Not as well known as Nicolae Grigorescu or Constantin Brancusi for fans of Romanian art, Ion Andreescu is my favourite Romanian painter. He lived a quiet, sadly all too brief life as an art teacher, studied for a short while in Paris in 1878/79, and painted some of the most evocative Romanian landscapes before his death in 1882 at the age of 32 from TB. He is particularly good at capturing the forest in all seasons and all moods. His paintings offer me pure escapism, a breath of fresh air.
If I could live anywhere in Paris, and money were no object, I would choose Montmartre, despite the tourist hordes. The endless steps and steep roads would keep me fit, and there are still many quiet picturesque corners if you know where to look. Plus oh, the historical artistic associations! Of course, in the 19th century Montmartre was anything but posh and expensive: it was a scrappy little suburb full of rebellious smallholders (marking the start of the revolutionary Paris Commune in 1871), poor working class people, bars and cabarets. Artists flocked there because it was cheap and provided an excellent spot for people-spotting.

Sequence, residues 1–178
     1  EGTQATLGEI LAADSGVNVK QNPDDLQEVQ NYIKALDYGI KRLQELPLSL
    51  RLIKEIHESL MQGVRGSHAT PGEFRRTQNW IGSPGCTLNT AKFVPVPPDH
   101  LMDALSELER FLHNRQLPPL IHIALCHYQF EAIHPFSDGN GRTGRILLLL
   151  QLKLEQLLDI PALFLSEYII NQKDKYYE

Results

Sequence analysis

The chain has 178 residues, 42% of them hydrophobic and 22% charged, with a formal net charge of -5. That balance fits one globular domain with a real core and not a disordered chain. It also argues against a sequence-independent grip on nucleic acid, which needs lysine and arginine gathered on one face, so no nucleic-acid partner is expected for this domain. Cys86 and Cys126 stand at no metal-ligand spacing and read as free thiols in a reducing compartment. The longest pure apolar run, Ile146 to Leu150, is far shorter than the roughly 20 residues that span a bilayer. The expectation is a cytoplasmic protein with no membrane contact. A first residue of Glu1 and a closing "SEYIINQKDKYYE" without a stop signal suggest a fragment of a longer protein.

Portraits of women reading is perhaps one of the loveliest examples of ‘memes’ in art history, particularly in the 19th century and particularly in France. Was it the rise of the middle classes and of leisure time? Were the men boasting that their wives and daughters were well looked after, well-educated and could therefore spend time on that frivolous pursuit of reading novels? Or was it that there is a certain stillness in the act of reading which men as doers felt that they could not or would not choose to quite live up to? Or was it simply a respectable form of voyeurism for rich men/art collectors? Whatever the reason for it, it has left behind some beautiful paintings (all in the public domain, as far as I know, but please correct me if I am wrong).